All of the best art galleries, theatres, museums and live music venues in the Square Mile are hosting a range of exciting events now that they are reopening to the public.
The City of London is slowly waking up again. Restaurants, bars and pubs are reopening. Shops and gyms are filling up too. Even the large office towers are seeing workers return. But we are most excited for all the new cultural happenings in the Square Mile. Galleries, theatres, music halls and major landmarks are gearing up for the May 17 easing of restrictions.
We can’t wait to get back out there. To feed our hunger for cultural experiences. Bring back our live music, art exhibitions and theatre shows. They will inject joy into our repetitive lives. Get us out of our ruts. And breathe life back into the Square Mile, which has been deserted for far too long now. So, dig out your nice clothes, make yourself up and get back into the City. These are just our favourite bits.
From Wednesday 26 May until the end of July, lights, neon signs and a great deal of action will come in to play at the City of London’s Leadenhall Market. Designed to inject a blaze of colour and joy back into the capital, the Victorian covered market will collaborate with Gods Own Junkyard on Electric City, an immersive technicolour production involving multiple units and installations.
Gods Own Junkyard has worked on film sets for over 40 years and the exhibition will include signage highlights from Stanley Kubrick’s Eyes Wide Shut, Judge Dredd, Batman, Tomb Raider, Charlie and the Chocolate Factory and The Dark Knight. In addition to the actual movie signs, Gods Own Junkyard will display film stills of the pieces in-situ in the windows of Leadenhall Market’s shopfronts.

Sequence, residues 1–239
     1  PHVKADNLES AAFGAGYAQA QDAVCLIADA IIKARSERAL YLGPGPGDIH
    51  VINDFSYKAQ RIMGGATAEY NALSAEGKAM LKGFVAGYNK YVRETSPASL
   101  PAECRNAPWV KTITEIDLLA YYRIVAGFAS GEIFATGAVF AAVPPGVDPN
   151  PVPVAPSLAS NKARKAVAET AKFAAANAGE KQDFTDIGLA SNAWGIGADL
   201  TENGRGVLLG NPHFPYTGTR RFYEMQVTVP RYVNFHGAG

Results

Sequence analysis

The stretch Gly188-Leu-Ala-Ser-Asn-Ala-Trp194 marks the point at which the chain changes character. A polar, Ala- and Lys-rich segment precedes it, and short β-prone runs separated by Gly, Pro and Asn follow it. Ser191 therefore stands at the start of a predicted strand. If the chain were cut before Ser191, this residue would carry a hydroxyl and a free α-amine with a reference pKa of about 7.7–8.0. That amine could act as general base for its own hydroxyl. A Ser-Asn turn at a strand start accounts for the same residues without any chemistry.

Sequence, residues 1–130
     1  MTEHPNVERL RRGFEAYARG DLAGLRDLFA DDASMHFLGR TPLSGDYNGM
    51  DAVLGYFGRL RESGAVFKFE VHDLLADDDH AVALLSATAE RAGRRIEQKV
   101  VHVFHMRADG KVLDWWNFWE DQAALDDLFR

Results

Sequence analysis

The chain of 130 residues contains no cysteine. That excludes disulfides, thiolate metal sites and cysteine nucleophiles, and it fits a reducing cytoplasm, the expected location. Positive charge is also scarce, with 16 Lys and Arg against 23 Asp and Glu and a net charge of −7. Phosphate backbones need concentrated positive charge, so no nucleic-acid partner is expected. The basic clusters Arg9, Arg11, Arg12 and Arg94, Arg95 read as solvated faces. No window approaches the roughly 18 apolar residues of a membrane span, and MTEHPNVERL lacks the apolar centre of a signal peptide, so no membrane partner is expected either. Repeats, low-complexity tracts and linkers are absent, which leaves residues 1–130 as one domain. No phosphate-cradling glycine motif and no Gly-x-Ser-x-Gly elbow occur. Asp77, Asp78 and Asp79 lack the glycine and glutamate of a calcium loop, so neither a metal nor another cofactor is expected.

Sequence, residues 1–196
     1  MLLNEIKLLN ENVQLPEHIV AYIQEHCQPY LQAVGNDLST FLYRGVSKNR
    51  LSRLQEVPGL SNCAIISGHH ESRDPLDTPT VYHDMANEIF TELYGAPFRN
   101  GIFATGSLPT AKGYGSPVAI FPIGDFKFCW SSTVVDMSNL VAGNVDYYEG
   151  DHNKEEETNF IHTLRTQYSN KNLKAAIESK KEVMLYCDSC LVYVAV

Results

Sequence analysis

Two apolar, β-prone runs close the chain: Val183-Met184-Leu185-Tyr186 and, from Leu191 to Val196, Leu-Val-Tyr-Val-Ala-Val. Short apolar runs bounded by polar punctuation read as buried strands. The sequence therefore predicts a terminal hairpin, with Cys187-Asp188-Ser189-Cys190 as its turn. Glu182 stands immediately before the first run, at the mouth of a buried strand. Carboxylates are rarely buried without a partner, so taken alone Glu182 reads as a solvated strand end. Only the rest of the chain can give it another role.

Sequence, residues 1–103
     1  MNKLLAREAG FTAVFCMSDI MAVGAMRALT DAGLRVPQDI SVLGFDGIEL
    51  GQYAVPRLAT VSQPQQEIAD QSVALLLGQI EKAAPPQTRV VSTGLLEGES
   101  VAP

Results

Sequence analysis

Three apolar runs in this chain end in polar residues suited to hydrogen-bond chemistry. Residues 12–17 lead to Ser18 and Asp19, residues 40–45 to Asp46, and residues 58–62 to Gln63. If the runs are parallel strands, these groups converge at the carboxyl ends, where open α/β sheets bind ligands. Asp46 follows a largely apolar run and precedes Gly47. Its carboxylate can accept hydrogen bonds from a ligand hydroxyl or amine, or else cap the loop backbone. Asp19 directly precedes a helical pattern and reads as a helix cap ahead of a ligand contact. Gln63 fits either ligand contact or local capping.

Electric City is part of an exciting programme of events and activities to celebrate the full reopening of Leadenhall Market’s 35 boutique retailers, bars, restaurants and cafes after restrictions on indoor dining lift in line with step three of the government’s lockdown roadmap on no sooner than 17 May.
Gracechurch Street EC3V 1LTS
We were as bummed as you were when we found out the Somerset House ice rink was cancelled last year. Then came lockdown 3, and we lost DODGE. But we have our fingers crossed for its return in summer 2021. Because this is going to be one of the top things happening in the City (well just beyond the Square Mile’s strict borders).
DODGE is going to transform the famous Somerset House courtyard into a kaleidoscope of colour, sound and spectacle. Taking centre stage in the courtyard is a new interactive artwork from Anna Meredith. Bumps Per Minute sees the traditional fairground dodgems ride reinvented into a high-octane interactive sensory experience.
As visitors to Dodge race their bumper cars around the track, each bump, scratch and jolt is tracked by bespoke wireless technology, designed in collaboration with BAFTA-winning interaction sound designer and fellow Studios resident Nick Ryan.
The frenetic, random manoeuvres of the cars generate a unique audio-visual composition, resulting in explosive three-minute displays of light and sound across the courtyard approximately once every hour, featuring a new suite of music composed by Anna Meredith.
Drawing on the individual collisions of each bumper car, every performance of the musical composition and bold lighting display is different, creating spectacular, climactic musical moments for participants and spectators alike to enjoy around the site. We can’t wait to take a ride on this one!